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HSP90 overexpression potentiates the B-cell receptor and fibroblast growth factor receptor survival signals in chronic lymphocytic leukemia cells

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Oncotarget. 2020; 11:2037-2046. https://doi.org/10.18632/oncotarget.27409

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Hasan Mahmud, Mariana Mendez, Bedabrata Mukhopadhyay, Jennifer Holter-Chakrabarty and Asish K. Ghosh _

Abstract

Hasan Mahmud1, Mariana Mendez2, Bedabrata Mukhopadhyay1, Jennifer Holter-Chakrabarty1 and Asish K. Ghosh1,2

1 Stephenson Cancer Center, University of Oklahoma Health Sciences Center, Oklahoma City, OK 73104, USA

2 Department of Pathology, University of Oklahoma Health Sciences Center, Oklahoma City, OK 73104, USA

Correspondence to:

Asish K. Ghosh,email: [email protected]

Keywords: CLL; HSP90; BCR; CD79a; PTPN22

Received: August 12, 2019     Accepted: December 16, 2019     Published: June 02, 2020

ABSTRACT

Chronic lymphocytic leukemia (CLL) is still an incurable disease despite aggressive chemotherapies including the B-cell receptor (BCR) targeted-inhibitors. Therefore, we assessed the expression status of key signal mediators of the BCR pathway in CLL cells. Indeed, we detected aberrantly elevated levels of CD79a, B-cell adaptor for PI3K (BCAP) and phospholipase C (PLC)γ2, key mediators of BCR signal, in CLL cells. As HSP90 is also overexpressed in CLL cells, we hypothesized that HSP90 could potentiate the BCR signal via stabilization of multiple key components of the BCR-signalosome. We found that HSP90 formed a multi-molecular complex with CD79a, BCAP, PLCγ2, LYN, SYK, Bruton tyrosine kinase (BTK) and AKT and that, pharmacologic inhibition or partial depletion of HSP90 reduced the expression of these signal mediators in CLL cells. In addition, our findings also demonstrated that HSP90 could stabilize the tyrosine phosphatase, PTPN22 which positively regulates AKT phosphorylation, and the constitutively active fibroblast growth factor receptor 3 (FGFR3) in CLL cells. Finally, HSP90 inhibition induced apoptosis in CLL cells in a dose-dependent manner likely via downregulation of anti-apoptotic proteins MCL-1 and XIAP, but not BCL2, reported to be overexpressed in CLL cells. In total, our findings suggest that HSP90-inhibition may sensitize the leukemic B-cells to BCR-targeted agents, particularly those become resistant to these therapies.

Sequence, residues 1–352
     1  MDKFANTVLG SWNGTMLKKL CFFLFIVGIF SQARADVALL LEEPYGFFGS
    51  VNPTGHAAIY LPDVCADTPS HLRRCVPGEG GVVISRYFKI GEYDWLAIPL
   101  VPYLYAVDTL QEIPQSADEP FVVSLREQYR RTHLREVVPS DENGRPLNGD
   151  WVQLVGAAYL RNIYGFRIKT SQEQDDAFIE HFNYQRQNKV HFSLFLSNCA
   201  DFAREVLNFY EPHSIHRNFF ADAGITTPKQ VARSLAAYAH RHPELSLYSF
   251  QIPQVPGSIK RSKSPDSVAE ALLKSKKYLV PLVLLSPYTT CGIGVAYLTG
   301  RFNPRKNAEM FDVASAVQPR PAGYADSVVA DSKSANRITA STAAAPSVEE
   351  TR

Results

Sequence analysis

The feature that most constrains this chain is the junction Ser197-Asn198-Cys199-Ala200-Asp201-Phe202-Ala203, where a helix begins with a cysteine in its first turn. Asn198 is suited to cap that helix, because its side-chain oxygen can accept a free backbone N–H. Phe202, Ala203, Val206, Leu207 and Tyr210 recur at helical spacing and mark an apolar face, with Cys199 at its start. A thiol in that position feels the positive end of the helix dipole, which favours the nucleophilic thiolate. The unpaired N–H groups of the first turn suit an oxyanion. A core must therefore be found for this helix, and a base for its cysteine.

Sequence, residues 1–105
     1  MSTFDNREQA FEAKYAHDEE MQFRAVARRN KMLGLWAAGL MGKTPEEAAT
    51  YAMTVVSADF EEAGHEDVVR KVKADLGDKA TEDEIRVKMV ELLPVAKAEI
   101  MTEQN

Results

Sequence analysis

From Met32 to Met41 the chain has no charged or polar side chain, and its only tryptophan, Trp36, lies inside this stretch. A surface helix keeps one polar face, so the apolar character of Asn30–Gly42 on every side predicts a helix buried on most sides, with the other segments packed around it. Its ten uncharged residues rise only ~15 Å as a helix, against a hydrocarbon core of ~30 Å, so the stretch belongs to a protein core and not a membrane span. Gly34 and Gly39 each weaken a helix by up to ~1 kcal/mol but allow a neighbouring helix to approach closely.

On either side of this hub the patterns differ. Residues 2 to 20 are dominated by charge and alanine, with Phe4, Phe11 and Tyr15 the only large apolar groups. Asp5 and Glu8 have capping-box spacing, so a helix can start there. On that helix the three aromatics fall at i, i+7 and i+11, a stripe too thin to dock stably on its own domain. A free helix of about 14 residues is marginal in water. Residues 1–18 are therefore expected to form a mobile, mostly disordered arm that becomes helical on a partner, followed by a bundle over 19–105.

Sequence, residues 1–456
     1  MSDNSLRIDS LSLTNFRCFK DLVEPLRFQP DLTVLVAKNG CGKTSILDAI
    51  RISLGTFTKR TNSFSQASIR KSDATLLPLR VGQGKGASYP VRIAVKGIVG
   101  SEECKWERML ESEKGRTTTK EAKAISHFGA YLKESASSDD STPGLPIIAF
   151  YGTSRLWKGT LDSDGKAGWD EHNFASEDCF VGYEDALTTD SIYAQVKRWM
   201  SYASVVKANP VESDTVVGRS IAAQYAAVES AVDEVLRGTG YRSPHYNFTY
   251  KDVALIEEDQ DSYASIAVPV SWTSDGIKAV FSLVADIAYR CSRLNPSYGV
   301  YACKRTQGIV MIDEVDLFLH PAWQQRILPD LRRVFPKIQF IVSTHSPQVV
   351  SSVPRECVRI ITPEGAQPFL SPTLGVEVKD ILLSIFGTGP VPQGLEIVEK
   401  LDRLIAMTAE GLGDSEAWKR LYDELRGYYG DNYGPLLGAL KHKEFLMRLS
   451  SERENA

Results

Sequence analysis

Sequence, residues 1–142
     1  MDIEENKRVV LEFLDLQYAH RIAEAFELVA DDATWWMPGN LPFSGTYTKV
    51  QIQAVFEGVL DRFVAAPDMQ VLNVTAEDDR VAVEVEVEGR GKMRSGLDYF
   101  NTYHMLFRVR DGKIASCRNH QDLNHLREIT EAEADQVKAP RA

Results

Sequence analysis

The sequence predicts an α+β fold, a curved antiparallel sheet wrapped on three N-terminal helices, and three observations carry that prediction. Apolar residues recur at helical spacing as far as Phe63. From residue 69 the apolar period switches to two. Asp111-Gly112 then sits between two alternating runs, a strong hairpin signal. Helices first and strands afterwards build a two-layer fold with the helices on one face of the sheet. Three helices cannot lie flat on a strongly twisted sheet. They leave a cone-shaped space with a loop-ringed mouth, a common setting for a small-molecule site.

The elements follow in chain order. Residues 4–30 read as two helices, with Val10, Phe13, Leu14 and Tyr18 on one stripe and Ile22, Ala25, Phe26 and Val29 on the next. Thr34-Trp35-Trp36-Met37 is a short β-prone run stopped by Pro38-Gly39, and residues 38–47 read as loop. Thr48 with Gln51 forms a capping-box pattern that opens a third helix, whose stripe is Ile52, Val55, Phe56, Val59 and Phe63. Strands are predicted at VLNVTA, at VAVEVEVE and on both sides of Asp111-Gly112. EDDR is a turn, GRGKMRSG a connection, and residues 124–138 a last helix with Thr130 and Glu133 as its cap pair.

Introduction

CLL is the most common form of adult leukemia in the Western hemisphere [1]. It is characterized by the accumulation of CD19+/CD5+/CD23+ mature, monoclonal B-cells in the blood, bone marrow and lymphoid tissues. Although introduction of BCR-targeted therapies has remarkably changed the landscape of CLL management, long-term disease control or prevention of relapse is still not achieved [2].